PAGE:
In some embodiments, step (b) is performed by treating the sample with a reagent that differentially modifies methylated and unmethylated DNA. For example, the reagent may comprise bisulfite; or the reagent may comprise one or more enzymes that preferentially cleave methylated DNA; or the reagent may comprise one or more enzymes that preferentially cleave unmethylated DNA. In some embodiments, step (b) is performed by methylation-specific PCR.

In the second aspect of this invention, a method is provided for detecting or monitoring a pregnancy-associated disorder in a woman pregnant with a fetus. The method comprises the steps of: (a) obtaining DNA in a biological sample from the woman, wherein the sample is whole blood, serum, plasma, urine, or saliva; (b) treating the DNA from step (a) with bisulfite; and (c) performing an amplification reaction using the DNA from step (b) and two primers to amplify a CpG-containing genomic sequence, wherein the genomic sequence is at least 15 nucleotides in length, comprises at least one cytosine, and is within a region on chromosome 21, and wherein the region consists of (1) a genomic locus selected from the group consisting of CGI137, phosphodiesterase 9A (PDE9A), homo sapiens protein phosphatase 1, regulatory (inhibitor) subunit 2pseudogene 2 (PPP1R2P2), Similarity to Fem1A (Caenorhabditis elegans), CGI009, carbonyl reductase 1 (CBR1), Down Syndrome cell adhesion molecule (DSCAM), chromosome 21 open reading frame 29 (C21orf29), Holocarboxylase Synthetase (HLCS), and CGI132; and (2) a DNA sequence of no more than 10 kb upstream and/or downstream from the locus; and wherein at least one of the two primers binds differentially to the genomic sequence from the fetus; and (d) comparing the level of the amplified portion of the genomic sequence from step (c) with a standard control, wherein an increase or decrease from the standard control indicates the presence or progression of a pregnancy-associated disorder.

In some embodiments, the amplification reaction is a polymerase chain reaction (PCR), such as a methylation-specific PCR. In other embodiments, the amplification reaction is a nucleic acid sequence based amplification, a strand displacement reaction, or a branched DNA amplification reaction.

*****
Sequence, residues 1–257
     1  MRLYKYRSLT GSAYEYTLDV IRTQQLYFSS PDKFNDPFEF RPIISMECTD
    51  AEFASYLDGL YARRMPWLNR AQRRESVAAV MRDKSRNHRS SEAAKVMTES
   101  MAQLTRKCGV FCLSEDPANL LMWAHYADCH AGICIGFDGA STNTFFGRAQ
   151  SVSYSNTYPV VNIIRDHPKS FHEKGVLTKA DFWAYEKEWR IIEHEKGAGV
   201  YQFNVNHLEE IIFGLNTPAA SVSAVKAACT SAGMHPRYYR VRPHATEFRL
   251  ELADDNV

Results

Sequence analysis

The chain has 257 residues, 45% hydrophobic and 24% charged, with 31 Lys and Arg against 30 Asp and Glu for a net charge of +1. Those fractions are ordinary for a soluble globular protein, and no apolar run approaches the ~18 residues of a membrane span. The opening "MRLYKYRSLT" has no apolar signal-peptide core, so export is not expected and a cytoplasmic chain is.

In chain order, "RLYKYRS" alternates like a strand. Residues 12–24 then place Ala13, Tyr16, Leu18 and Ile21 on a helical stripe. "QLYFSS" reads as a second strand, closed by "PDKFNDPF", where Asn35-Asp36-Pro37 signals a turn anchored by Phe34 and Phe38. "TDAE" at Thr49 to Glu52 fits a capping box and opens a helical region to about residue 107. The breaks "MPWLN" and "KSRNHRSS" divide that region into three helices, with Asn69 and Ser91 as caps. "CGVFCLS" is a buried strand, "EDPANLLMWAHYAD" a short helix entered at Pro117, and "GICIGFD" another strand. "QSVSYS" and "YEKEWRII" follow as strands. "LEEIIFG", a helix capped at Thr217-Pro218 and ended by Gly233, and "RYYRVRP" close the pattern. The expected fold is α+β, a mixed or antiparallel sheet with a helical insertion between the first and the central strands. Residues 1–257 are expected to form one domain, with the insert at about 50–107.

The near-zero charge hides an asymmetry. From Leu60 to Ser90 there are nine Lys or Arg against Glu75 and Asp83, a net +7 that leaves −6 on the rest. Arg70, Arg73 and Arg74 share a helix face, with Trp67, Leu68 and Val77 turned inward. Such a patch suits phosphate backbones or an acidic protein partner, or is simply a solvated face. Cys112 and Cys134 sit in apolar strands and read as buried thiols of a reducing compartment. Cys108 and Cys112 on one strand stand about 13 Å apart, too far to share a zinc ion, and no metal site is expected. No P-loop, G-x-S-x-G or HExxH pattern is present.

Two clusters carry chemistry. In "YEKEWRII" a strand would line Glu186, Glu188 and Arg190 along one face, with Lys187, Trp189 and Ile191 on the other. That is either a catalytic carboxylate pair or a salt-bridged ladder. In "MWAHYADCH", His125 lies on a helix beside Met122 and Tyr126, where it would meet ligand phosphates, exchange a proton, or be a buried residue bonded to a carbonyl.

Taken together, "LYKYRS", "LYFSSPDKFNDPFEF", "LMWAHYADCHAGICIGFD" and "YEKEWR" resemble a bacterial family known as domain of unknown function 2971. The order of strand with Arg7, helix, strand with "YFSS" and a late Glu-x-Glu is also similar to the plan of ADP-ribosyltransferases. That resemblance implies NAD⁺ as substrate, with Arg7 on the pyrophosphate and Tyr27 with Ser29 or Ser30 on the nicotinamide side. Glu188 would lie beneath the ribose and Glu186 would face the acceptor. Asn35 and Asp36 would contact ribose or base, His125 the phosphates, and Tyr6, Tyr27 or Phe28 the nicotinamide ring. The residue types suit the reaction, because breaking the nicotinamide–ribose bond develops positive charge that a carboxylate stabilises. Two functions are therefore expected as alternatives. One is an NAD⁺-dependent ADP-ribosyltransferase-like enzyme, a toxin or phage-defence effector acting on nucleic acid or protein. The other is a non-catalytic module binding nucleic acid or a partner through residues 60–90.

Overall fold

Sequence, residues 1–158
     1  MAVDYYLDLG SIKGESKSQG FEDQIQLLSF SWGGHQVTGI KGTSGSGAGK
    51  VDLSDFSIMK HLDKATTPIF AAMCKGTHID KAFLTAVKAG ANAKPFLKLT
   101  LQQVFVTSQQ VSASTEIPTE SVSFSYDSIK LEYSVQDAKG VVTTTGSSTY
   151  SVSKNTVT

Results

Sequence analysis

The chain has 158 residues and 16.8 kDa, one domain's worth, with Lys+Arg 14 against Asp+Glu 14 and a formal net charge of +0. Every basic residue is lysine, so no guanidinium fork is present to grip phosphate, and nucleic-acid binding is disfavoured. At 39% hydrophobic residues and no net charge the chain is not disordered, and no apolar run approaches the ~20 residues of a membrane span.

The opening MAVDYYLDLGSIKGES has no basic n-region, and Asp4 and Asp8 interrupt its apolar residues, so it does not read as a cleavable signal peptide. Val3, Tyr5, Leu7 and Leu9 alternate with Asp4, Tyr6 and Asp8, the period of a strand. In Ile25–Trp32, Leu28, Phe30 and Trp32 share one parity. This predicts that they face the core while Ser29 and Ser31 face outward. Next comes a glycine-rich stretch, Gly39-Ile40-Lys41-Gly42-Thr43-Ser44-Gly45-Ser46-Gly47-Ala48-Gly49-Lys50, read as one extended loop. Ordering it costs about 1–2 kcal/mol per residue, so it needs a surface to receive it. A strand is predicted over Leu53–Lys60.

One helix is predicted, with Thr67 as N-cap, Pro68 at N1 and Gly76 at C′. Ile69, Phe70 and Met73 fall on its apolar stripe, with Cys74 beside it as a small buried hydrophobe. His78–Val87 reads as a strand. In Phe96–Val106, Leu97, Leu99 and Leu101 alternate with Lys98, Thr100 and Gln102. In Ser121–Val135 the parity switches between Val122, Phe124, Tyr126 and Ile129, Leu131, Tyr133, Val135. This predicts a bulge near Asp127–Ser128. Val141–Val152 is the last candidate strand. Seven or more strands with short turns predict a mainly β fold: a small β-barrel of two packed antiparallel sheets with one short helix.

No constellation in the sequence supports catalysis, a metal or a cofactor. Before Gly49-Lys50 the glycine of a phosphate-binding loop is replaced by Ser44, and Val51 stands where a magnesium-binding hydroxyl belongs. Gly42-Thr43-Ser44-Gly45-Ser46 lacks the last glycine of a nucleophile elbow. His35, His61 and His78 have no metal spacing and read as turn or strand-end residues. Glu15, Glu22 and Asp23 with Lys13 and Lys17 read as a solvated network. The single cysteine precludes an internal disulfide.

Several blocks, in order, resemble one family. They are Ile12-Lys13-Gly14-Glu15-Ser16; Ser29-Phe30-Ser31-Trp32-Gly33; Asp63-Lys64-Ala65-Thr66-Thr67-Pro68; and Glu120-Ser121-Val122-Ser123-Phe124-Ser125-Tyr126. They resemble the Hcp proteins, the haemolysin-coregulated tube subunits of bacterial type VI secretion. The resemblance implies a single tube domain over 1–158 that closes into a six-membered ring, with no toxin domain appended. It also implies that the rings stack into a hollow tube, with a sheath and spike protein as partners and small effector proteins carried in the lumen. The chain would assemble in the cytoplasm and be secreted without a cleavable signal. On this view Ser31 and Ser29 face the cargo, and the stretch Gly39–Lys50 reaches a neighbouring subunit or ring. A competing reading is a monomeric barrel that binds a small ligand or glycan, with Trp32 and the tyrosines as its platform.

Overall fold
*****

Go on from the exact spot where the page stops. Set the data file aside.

This method, as well as the method described in the first aspect of this invention, is suitable for detecting or monitoring conditions such as preeclampsia, preterm labor, hyperemesis gravidarum, ectopic pregnancy, a chromosomal aneuploidy (e.g., trisomy 21), and intrauterine growth retardation.

In the third aspect of this invention, a method is provided for detecting and monitoring a pregnancy-associated disorder. The method comprises the steps of: (a) obtaining DNA in a biological sample from the woman, wherein the sample is whole blood, serum, plasma, urine, or saliva; (b) treating the DNA from step (a) with a reagent that differentially modifies methylated and unmethylated DNA; (c) determining the nucleotide sequence of a CpG-containing genomic sequence from step (b), wherein the genomic sequence is at least 15 nucleotides in length, comprises at least one cytosine, and is within a region on chromosome 21, and wherein the region consists of (1) a genomic locus selected from the group consisting of CGI137, phosphodiesterase 9A (PDE9A), homo sapiens protein phosphatase 1, regulatory (inhibitor) subunit 2 pseudogene 2 (PPP1R2P2), Similarity to Fem1A (Caenorhabditis elegans), CGI009, carbonyl reductase 1 (CBR1), Down Syndrome cell adhesion molecule (DSCAM), chromosome 21 open reading frame 29 (C21orf29), Holocarboxylase Synthetase (HLCS), and CGI132; and (2) a DNA sequence of no more than 10 kb upstream and/or downstream from the locus; and (d) comparing the profile of the nucleotide sequence from step (c) with a standard control, wherein a change in the profile from the standard control indicates the presence or progression of a pregnancy-associated disorder.

In some embodiments, the reagent comprises bisulfite; or the reagent may comprise one or more enzymes that preferentially cleave methylated DNA; or the reagent may comprise one or more enzymes that preferentially cleave unmethylated DNA.